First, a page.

Climate change is the defining problem of our time, not merely for the threat it poses to the stability of our civilization but for how sticky and hard to pin down it is, in conversation or in art. By definition, it’s all around us — the climate is what we’re soaking in, no matter where we are. Its pervasiveness makes it somewhat unimaginable: What would it be like for everything to change? The mind reels; the problem gets put away.
This is one of the challenges facing “Extrapolations,” a new quasi-anthology series that skips forward in time to tell the story of how we might continue to live on a warming Earth. Very few of the series’ characters appear in more than one episode, and very few have more than a flat and easily described motivation — the show works a bit like a breezy and brisk collection of linked short stories, constantly moving forward, continually showing new consequences of our own inaction. Keeping the characters flat and underserved, though, makes the lavishly depicted world they inhabit feel less like a matter of concern. What does it matter if we’re all going to die, if “we” aren’t first recognizable as rounded, full people?
At times, the show leans into the unknowability and the insignificance of its characters: The first installment includes a wry little vignette about a monstrous hotelier (Matthew Rhys) who is simply begging for a comeuppance at the hands of cruel and uncaring Mother Nature. And one of the stronger installments features the exceptional actor Tahar Rahim as a man who has no self at all: Made ill by heat exposure over the course of his life, he’s forced to earn money to support himself as a sort of gig-economy emotional surrogate, playing roles in clients’ lives for a few hours at a time.
Here, the show verges close to “Black Mirror” territory — the idea that people might make money by transforming themselves into the object of strangers’ fantasies has more to do with our generally increasing isolation than with the heating world. (At various points in Rahim’s episode, characters pause literally to explain what is happening: Crypto mining has radically increased carbon output, higher temperatures are killing and disabling people en masse, and the weight of water in the higher oceans has altered the tectonic plates. Phew — that’s a lot of exposition!) Clumsy in its delivery of information, “Extrapolations” is also maudlin where “Black Mirror” is icy. Rahim’s character is one of the show’s few who has featured in multiple episodes — we’ve met his mother, played by Sienna Miller, and his grandmother, played by Meryl Streep. (A note to Streep fans: Though first-billed, she delivers what I’d describe as a slightly extended cameo.) And here, as elsewhere, the show hasn’t rounded him out enough to make his struggle sad for reasons beyond any person’s suffering being sad.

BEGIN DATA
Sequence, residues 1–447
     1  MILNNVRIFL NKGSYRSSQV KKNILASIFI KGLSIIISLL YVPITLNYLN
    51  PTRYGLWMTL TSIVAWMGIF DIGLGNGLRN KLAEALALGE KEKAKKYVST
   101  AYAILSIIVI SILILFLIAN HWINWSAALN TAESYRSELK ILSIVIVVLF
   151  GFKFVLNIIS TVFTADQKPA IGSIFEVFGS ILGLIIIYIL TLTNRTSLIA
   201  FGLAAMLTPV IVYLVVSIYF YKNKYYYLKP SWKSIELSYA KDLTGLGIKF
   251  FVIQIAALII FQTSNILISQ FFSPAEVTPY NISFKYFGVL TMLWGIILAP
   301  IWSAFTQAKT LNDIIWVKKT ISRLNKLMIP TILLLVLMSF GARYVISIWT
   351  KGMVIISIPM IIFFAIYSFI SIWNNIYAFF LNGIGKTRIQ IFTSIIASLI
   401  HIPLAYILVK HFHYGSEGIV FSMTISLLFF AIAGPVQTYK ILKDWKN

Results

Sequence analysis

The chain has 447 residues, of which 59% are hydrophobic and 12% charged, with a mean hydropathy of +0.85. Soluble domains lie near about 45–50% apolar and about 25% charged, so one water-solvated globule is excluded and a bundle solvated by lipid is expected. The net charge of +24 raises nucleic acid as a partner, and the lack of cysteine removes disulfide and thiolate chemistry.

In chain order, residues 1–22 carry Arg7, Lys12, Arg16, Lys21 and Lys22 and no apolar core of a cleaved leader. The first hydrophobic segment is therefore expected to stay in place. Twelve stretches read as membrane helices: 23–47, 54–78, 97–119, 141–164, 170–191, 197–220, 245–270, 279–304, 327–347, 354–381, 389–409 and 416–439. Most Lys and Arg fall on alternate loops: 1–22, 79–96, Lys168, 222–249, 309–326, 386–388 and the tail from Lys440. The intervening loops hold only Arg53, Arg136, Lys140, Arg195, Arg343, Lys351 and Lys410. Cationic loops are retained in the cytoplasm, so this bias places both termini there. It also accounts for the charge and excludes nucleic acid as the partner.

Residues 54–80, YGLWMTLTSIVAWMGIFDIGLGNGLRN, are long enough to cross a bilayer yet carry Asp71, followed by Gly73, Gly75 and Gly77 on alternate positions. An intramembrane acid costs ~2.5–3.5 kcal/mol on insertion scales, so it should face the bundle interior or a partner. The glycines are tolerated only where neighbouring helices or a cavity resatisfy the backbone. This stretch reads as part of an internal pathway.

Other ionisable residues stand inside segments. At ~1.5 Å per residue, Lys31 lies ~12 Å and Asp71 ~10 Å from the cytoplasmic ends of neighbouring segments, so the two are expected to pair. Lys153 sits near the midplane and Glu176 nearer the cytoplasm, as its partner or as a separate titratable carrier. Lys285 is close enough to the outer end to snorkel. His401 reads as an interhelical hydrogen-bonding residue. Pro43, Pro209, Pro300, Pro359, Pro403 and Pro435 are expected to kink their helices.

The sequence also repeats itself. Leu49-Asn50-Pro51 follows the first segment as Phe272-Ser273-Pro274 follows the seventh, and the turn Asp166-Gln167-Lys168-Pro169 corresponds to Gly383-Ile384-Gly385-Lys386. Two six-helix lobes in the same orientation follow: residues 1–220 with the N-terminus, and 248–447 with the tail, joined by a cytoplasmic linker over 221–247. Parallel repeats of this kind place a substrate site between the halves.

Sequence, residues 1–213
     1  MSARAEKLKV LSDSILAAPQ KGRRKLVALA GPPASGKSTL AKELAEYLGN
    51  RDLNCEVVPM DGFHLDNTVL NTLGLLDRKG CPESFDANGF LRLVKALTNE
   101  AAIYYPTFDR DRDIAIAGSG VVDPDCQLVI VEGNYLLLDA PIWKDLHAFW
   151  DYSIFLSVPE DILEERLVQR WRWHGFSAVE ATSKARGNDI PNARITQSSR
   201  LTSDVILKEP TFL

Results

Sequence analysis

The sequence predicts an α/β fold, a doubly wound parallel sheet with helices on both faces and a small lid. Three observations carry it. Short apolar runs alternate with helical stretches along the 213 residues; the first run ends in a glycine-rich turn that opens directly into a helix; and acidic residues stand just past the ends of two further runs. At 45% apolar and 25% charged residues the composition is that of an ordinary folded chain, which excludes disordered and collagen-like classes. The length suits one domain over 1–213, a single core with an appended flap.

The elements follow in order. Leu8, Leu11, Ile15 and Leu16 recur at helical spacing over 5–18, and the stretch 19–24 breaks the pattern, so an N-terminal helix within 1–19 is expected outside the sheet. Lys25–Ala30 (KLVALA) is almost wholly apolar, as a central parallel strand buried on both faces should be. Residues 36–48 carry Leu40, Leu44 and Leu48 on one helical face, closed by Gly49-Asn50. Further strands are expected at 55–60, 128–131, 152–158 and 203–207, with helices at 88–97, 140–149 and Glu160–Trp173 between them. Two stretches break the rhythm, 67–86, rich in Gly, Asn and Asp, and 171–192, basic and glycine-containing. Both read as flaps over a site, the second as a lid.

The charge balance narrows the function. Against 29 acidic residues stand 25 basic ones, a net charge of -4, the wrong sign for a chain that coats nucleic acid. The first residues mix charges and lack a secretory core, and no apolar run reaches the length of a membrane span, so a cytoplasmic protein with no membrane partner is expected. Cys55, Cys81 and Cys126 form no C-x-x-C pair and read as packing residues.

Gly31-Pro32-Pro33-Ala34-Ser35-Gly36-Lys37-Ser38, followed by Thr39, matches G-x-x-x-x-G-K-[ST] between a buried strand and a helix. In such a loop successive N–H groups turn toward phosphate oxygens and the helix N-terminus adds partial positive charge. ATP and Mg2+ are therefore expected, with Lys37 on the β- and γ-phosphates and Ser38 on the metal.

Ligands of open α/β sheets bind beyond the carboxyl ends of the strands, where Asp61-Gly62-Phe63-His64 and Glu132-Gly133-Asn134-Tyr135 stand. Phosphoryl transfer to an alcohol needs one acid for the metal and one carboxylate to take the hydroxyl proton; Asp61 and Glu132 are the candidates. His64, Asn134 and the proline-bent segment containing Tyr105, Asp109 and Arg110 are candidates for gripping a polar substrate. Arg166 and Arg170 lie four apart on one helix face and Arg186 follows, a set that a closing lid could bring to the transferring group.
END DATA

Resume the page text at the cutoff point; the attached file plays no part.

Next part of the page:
This is much of what we’re left with over the course of eight episodes of “Extrapolations” — the show ranges all over the globe and travels as far into the future as 2070 to come to the conclusion, over and over, that it’s a bummer when bad things happen. Fair enough — climate change is kind of the ultimate bummer! But writer Scott Z. Burns has been sharper before: In his screenplay for the Steven Soderbergh-directed film “Contagion,” characters are drawn so sharply and elegantly that we feel global cataclysm as something that’s really happening to them. There are strong performances studding “Extrapolations”: I appreciated what Kit Harington was going for as a tech genius (one who oddly shares a name with the real-life tech journalist Nick Bilton), as smooth and assured as his increasingly shellacked face as the years pass. And Marion Cotillard is satisfyingly odd as the hostess of a dinner party at what feels like the end of the world. But too many of the performers enlisted to fulfill Burns’ vision find themselves stuck with the reality that there isn’t room for their particularities within it.
What would a really great work of art about climate change look like? While the film is profoundly flawed, I found the central metaphor in 2021’s “Don’t Look Up” to be more effective, certainly, than the “Extrapolations” approach. Transforming the threat into something physical and tangible had a clarifying effect. It placed the characters on a clock, during which time they had to decide how to respond. “Extrapolations,” treating climate change absolutely literally, paradoxically struggles to make us care. The world is a fine place, and worth fighting for, as the saying goes; this series, to its detriment, only cares about the second half of that sentence.
“Extrapolations” premieres its first three episodes on Friday, March 17 on Apple TV+, with new episodes to follow weekly.